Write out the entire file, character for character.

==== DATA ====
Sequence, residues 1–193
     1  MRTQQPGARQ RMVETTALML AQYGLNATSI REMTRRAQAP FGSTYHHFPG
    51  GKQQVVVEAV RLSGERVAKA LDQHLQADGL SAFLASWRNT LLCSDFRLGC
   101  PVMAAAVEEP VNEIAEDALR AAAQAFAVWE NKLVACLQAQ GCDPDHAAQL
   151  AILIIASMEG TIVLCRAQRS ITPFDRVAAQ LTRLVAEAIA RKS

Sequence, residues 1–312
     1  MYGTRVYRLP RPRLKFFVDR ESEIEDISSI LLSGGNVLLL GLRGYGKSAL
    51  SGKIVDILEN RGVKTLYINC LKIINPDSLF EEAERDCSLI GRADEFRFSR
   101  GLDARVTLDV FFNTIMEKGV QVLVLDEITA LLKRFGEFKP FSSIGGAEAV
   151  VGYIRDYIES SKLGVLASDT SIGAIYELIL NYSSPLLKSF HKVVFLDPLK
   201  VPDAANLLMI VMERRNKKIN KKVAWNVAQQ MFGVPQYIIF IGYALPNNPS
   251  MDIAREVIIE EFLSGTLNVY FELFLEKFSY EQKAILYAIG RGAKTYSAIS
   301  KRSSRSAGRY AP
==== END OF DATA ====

Sequence, residues 1–193
     1  MRTQQPGARQ RMVETTALML AQYGLNATSI REMTRRAQAP FGSTYHHFPG
    51  GKQQVVVEAV RLSGERVAKA LDQHLQADGL SAFLASWRNT LLCSDFRLGC
   101  PVMAAAVEEP VNEIAEDALR AAAQAFAVWE NKLVACLQAQ GCDPDHAAQL
   151  AILIIASMEG TIVLCRAQRS ITPFDRVAAQ LTRLVAEAIA RKS

Sequence, residues 1–312
     1  MYGTRVYRLP RPRLKFFVDR ESEIEDISSI LLSGGNVLLL GLRGYGKSAL
    51  SGKIVDILEN RGVKTLYINC LKIINPDSLF EEAERDCSLI GRADEFRFSR
   101  GLDARVTLDV FFNTIMEKGV QVLVLDEITA LLKRFGEFKP FSSIGGAEAV
   151  VGYIRDYIES SKLGVLASDT SIGAIYELIL NYSSPLLKSF HKVVFLDPLK
   201  VPDAANLLMI VMERRNKKIN KKVAWNVAQQ MFGVPQYIIF IGYALPNNPS
   251  MDIAREVIIE EFLSGTLNVY FELFLEKFSY EQKAILYAIG RGAKTYSAIS
   301  KRSSRSAGRY AP